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Tips for Running in the Summer. Did you know? Our body’s heart rate can increase up to 10 beats per minute when the humidity is over 50% – 10 beats per minute when the temperature is over 75 degrees Fahrenheit? This is why summer runnings are ridiculously difficult. However, summer can also be a challenge when the weather gets hot and humid. Although it seems like you’re slowing down, the heat can make you more active if you run along with it rather than try to beat it. Here are some tips for you to run effectively in summer.

Keeping your body hydrated

Keeping your body hydrated is the easiest way to think what’s best for summer running. This means you must drink fluids before, during, and after exercise. Our bodies need fluids to give you energy and fight with exertion, climate, exhaust, terrain, and other circumstances. The new drink recommendations for runners say that you should obey your thirst and drink when your mouth is dry, and you feel the need to drink—in summer running, knowing the fact that the season is extremely hot and you should drink lots of fluids to avoid dehydration.

Why is hydration important?

One of the greatest enemies of every athlete is dehydration that can lead to fatigue, headaches, decreased balance, nausea, and muscle pain. Being hydrated helps in preventing heat-related illnesses, such as heat stroke, which is a serious matter for the runners who love to run in summer. Aside from those discomforts, it can slow you down.

Drinking for running

Pre-run drinks, especially if you’re doing a long run or marathon (more than 7 to 10 miles), it’s a must to make sure that you’re well-hydrated during the few days before your long run. You’ll know if you’re well-hydrated when you void many volumes of pale urine at least six times a day. Drink plenty of water, at least 8-12 glasses, and non-alcoholic fluids. To keep you hydrated during running you need fluids every 15 to 20 minutes, so you need to either carry it with you or make sure it is available along the way of your runs (drinking fountain, stores, etc.) drinking small amounts of it may help your body absorb the liquid better, and you won’t have that feeling of it sloshing around in your stomach.

However, you should be aware of how much you’re drinking – too much fluid without replacing sodium, can lead to hyponatremia. If you gain weight during your runs, maybe you are drinking too much. Add a sports drink, salt shot, or salty snack to replace the sodium you’re losing when you sweat.

Run with Effort Rather Than Speed

Avoid disappointments of running by pace, then failing. Train to the set of your body — called effort-based training. Effort-based running allows you to train in the optimal zone on the given day, and avoid overexertion and delayed recovery. That tempo run is 30 to 45 seconds per mile slower in the heat of the summer, but the purpose of running is not to hit a speed record. Its purpose is to train at your full effort and to raise your healthiness throughout the season. Your body doesn’t know pace. It knows effort. And when you decrease and flow with what the day gives you, your running and performance will continue to progress at a time. Your progress may not show via your speed, take it slowly, and you will see the results.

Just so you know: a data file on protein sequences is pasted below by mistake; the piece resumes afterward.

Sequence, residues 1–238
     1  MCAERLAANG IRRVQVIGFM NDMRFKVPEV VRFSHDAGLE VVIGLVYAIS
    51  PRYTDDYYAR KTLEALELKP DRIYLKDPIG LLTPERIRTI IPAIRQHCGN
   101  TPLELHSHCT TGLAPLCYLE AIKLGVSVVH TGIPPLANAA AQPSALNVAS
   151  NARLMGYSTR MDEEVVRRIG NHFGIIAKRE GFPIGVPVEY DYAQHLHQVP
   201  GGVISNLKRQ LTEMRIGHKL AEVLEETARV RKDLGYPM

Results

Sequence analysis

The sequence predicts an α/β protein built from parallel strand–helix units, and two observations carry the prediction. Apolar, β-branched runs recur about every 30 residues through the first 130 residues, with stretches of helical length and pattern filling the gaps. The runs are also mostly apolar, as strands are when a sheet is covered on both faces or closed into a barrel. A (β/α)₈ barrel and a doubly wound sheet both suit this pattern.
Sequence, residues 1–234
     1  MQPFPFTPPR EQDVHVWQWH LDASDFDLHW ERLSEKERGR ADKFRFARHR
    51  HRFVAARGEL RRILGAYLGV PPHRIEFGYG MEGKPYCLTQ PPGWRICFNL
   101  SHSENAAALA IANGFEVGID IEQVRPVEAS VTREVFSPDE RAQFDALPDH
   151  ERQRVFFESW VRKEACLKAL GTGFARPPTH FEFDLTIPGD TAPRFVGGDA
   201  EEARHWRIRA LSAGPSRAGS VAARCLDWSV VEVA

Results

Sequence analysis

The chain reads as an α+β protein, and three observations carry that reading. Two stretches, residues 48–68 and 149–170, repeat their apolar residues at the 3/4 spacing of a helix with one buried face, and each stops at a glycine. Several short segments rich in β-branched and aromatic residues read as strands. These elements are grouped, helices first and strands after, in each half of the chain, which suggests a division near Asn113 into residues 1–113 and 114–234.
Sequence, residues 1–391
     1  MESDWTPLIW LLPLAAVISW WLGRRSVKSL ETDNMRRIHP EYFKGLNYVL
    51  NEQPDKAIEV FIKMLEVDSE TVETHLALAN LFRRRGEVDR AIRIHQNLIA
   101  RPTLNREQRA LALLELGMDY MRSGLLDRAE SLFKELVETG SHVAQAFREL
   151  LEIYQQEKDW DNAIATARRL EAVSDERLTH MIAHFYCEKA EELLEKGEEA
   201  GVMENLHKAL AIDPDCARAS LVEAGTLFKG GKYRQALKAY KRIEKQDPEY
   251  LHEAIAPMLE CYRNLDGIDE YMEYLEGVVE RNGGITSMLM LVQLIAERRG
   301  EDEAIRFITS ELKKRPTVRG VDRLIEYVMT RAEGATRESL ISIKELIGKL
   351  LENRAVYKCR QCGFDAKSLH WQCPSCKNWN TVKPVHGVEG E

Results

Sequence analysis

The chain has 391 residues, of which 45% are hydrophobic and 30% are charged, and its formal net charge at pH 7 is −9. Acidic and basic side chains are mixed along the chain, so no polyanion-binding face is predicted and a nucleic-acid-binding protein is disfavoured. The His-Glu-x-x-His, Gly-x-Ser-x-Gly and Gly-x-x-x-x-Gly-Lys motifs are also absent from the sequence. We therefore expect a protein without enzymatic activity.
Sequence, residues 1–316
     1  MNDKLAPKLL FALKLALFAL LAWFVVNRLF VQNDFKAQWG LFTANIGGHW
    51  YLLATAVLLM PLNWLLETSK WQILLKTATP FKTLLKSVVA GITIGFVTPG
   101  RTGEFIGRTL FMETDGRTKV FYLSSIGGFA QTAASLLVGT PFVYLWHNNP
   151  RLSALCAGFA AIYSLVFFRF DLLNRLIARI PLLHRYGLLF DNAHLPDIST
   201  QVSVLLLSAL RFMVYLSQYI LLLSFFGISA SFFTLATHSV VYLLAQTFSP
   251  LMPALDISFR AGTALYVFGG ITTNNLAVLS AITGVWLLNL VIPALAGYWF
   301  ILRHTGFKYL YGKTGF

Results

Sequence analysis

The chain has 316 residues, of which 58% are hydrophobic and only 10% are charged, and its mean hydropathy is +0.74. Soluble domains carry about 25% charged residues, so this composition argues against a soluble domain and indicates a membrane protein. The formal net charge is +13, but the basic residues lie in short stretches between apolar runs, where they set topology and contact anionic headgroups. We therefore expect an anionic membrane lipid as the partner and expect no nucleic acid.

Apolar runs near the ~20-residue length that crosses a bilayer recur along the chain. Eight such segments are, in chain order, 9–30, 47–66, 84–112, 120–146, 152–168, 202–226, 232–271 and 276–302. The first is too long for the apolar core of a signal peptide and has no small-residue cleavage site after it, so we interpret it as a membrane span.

Run Early or Late

Avoid running between 10 am to 4 pm because that’s when the sun’s intensity is at its greatest. If you must train during morning and afternoon, try to stick to shady roads or trails.

The best time to run is early in the morning since the roads have not heated up, and the sun is at the lowest intensity. However, in the late afternoon, you must take extra safety precautions during this time. Run with awareness, and always run against the traffic – it’s easier to avoid cars if you can see them against your way. You must be able to see the headlights of oncoming cars. Avoid occupied roads and those with no shoulders or sidewalks.

Choose Running Clothes Carefully and Wear Sunscreen

Your running clothes must be light-colored, loose fitted because it will help your body breathe and cool itself down easily. Tight clothing restricts your body to cool down, and dark colors more absorb the sun’s light and heat than the light color clothes. Don’t wear cotton, made clothes. Look for synthetic fabric clothes that will wick away moisture from your skin. If you want to wear something on your head to block the sunlight, wear a visor. A hat is too covered and traps heat, so consider a visor than a hat.

Protect yourself from sunlight using a waterproof sunscreen that has an SPF 15 or more and must offer broad-spectrum protection, which means it can protect against both UVA and UVB rays. Stick formulation Sunscreen is good for runners’ faces because the sunscreen won’t go into the eyes. You’ll need to reapply sunscreen if you’re running longer than 3 hours.

Be aware of your body

Watch yourself and be aware of the signs and symptoms of heat-related illnesses. Your body cools itself by sweating at the same time as the heat and humidity increase, your body temperature rises and higher the chance of risk for heat-related illness. Here are the three major heat-related illnesses to avoid:

  1. Heatstroke – Symptoms of heat stroke include high body temperature, decreased sweating, red and dry skin, unconsciousness, unbalanced, seizures, moderate to severe difficulty breathing, and a fast heart rate.
  2. Heat Exhaustion – Symptoms of heat exhaustion include fatigue, dizziness, neuralgia, vomiting, incoordination, fainting, excessive sweating, and a sudden drop in blood pressure.
  3. Heat Cramps – Heat cramps can start while you are running excessively up to several hours after you have stopped. Typically, the muscles begin to cramp while the body is sweating heavily.

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